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“We have successfully used Lean in manufacturing and the supply chain, and we recognized there was a wealth of opportunity beyond the manufacturing floor for the application of lean. We wanted to find someone who had an experience base with business support processes to bring lean to that audience of our company. Shelley provided us that credible source. She brought numerous examples from her experience about how lean principles and tools apply to office and service operations, and helped translate employee questions to show them how the principles applied to what they do.”

Jesse Shearin,
Director of Enterprise Excellence
PPG Industries Inc.

 

How Data Unveils Clues to the Solution – Part 2

Screen Shot 2014-04-13 at 11.40.19 AMAnalytical data is a name I use for any data that helps to analyze the current process.  It is quantitative data for any step, gateway, or sub process; it is data about inputs from internal and external suppliers, including the customer; it is data about time, waiting, and queuing; it is quantitative values to clarify root cause analysis (such as check sheets, Pareto charts and other reports); it is data about variation, and other types not specifically mentioned. 

Analytical data helps the BPI team

  1. See where the big problems are in the current process
  2. Determine where clusters of problems are
  3. Find inefficiencies that appear in many areas
  4. Determine the leverage areas for root cause analysis and finding solutions

It may be difficult to gather real data about how the process works today.  If the company has a BPM suite, then the suite can gather real time data from the current process.  But otherwise the business process improvement (BPI) team will have to gather the data ‘manually’, by (1) looking at input forms for the last month and seeing how many were complete and accurate, what kinds of error categories there were or (2) time stamping transactions at each step in the process to determine times of steps and wait between steps or (3) noting where each process instance flows to identify the frequency of different paths, or (4) reviewing email requests, etc. Figure out how many data counts are needed to make a realistic assessment and get that many.  No need to go back for 1000 transactions or for a whole year.  Make the data revealing but not overwhelming.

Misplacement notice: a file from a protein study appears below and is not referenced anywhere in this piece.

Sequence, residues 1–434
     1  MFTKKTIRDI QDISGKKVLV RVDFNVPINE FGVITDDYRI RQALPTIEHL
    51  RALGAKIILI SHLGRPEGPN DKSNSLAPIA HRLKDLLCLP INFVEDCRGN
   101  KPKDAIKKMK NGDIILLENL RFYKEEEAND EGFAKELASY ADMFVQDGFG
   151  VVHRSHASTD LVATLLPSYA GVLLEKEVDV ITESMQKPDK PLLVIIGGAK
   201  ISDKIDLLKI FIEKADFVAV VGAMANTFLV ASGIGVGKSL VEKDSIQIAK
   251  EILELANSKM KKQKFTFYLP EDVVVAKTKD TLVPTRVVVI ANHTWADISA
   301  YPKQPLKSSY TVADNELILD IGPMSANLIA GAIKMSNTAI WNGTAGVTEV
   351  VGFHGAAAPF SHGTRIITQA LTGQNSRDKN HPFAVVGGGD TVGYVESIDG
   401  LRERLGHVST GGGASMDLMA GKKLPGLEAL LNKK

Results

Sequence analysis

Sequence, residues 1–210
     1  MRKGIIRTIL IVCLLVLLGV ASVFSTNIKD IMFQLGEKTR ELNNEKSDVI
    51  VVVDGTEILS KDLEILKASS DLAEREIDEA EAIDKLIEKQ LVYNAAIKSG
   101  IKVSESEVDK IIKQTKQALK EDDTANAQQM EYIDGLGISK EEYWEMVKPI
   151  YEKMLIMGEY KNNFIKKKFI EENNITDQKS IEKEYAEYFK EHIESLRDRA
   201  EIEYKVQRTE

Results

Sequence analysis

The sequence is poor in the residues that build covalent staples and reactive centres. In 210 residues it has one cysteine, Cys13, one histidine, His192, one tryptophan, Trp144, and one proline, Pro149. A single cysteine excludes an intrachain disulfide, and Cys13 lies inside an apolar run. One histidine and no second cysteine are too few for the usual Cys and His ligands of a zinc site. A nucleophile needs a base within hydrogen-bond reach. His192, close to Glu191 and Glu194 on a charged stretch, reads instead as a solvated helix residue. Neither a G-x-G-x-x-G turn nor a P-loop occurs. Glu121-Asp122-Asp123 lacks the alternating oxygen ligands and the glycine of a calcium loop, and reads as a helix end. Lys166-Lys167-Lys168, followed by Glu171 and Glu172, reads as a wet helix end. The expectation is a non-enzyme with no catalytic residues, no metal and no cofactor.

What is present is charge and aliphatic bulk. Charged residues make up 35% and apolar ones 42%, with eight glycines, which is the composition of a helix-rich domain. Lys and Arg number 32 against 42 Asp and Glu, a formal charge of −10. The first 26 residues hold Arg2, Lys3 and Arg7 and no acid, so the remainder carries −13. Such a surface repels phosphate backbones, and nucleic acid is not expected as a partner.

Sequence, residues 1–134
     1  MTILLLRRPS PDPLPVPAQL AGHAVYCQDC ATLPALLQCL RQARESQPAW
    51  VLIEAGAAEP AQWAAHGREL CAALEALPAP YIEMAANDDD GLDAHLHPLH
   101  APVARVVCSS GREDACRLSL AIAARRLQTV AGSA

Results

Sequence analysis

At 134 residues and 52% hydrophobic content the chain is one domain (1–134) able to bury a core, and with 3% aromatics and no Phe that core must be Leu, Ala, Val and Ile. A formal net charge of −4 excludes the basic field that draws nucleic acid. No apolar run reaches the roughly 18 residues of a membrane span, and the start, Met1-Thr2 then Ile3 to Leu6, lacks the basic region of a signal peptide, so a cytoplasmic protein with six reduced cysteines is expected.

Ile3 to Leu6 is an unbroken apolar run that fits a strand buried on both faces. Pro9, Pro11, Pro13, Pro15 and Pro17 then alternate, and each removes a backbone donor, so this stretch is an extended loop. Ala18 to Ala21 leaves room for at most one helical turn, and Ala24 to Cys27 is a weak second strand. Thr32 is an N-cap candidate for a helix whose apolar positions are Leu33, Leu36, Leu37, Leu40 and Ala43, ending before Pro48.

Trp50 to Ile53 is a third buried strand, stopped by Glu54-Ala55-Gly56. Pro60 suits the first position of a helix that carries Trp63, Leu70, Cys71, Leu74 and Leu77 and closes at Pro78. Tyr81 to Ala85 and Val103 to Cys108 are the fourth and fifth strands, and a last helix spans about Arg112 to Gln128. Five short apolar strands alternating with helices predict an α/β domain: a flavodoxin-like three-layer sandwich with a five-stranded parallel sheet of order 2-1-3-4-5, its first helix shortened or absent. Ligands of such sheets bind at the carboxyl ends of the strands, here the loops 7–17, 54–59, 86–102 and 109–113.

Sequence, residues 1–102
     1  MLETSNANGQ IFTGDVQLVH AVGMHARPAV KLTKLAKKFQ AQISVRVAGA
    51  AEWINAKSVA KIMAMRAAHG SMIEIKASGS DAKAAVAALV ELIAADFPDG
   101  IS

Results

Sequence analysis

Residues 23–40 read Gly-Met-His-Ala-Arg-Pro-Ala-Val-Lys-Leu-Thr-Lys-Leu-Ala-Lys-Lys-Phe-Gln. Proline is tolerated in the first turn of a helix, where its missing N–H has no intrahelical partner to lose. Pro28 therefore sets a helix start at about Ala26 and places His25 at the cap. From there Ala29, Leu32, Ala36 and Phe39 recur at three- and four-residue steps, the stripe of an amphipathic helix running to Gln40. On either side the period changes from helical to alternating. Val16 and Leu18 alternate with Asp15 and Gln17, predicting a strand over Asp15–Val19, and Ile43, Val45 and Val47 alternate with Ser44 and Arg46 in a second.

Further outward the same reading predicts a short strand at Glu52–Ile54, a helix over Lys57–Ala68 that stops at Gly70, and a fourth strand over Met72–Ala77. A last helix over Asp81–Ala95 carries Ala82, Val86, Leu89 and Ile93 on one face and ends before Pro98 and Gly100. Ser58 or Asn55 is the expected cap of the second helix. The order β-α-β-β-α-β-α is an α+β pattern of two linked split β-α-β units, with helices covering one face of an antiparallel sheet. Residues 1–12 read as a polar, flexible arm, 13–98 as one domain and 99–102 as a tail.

With this information teams can see what areas to focus on in their process designs.  They can determine if getting rid of problems early in the process will have the domino effect of eliminating problems later on so those problems don’t need to be tackled.  Analytical data also provides language to create compelling stories of the current situation and later comparisons to tell of the extensive improvements.

Data is the best way to talk across levels.  Most organizations have many hierarchal levels, and it is difficult for any employee or manager to talk more than two levels above them or below them because they do such different work and see the organization from different perspectives.  But these conversations are possible with data. So get and use data to see what the situation is today, what the data says could be the situation in the future, and data to communicate in meaningful ways on many levels.

Want to learn more about selecting the right data, how to gather it, and how to use it?  See The BPI Blueprint:  A Step-By-Step Guide to Make Your Business Process Improvement Projects Simple, Structured and Successful Chapter 6 on measurements in the book for more information on this topic.

 

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